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Psychon Bull Rev. 2017 Apr;24(2):352-369. doi: 10.3758/s13423-016-1126-2.

Number-space associations without language: Evidence from preverbal human infants and non-human animal species.

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Department of General Psychology, University of Padova, Via Venezia, 8, Padova, Italy.
Université Paris Descartes, Sorbonne Paris Cité, Paris, France.
CNRS UMR 8242, Laboratoire Psychologie de la Perception, 45 rue des Saints-Pères, 75006, Paris, France.


It is well known that humans describe and think of numbers as being represented in a spatial configuration, known as the 'mental number line'. The orientation of this representation appears to depend on the direction of writing and reading habits present in a given culture (e.g., left-to-right oriented in Western cultures), which makes this factor an ideal candidate to account for the origins of the spatial representation of numbers. However, a growing number of studies have demonstrated that non-verbal subjects (preverbal infants and non-human animals) spontaneously associate numbers and space. In this review, we discuss evidence showing that pre-verbal infants and non-human animals associate small numerical magnitudes with short spatial extents and left-sided space, and large numerical magnitudes with long spatial extents and right-sided space. Together this evidence supports the idea that a more biologically oriented view can account for the origins of the 'mental number line'. In this paper, we discuss this alternative view and elaborate on how culture can shape a core, fundamental, number-space association.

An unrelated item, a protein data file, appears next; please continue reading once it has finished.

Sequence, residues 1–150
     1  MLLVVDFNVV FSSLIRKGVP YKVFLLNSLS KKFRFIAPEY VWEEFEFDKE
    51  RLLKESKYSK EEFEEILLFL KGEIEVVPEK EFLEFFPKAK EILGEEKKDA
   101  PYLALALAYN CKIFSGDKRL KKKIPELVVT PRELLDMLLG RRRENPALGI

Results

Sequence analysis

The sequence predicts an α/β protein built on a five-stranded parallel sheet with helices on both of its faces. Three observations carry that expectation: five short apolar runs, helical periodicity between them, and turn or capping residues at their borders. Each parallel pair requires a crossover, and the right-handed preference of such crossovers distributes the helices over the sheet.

Infants; Mental number line; Non-human animals; Number; Space-number association

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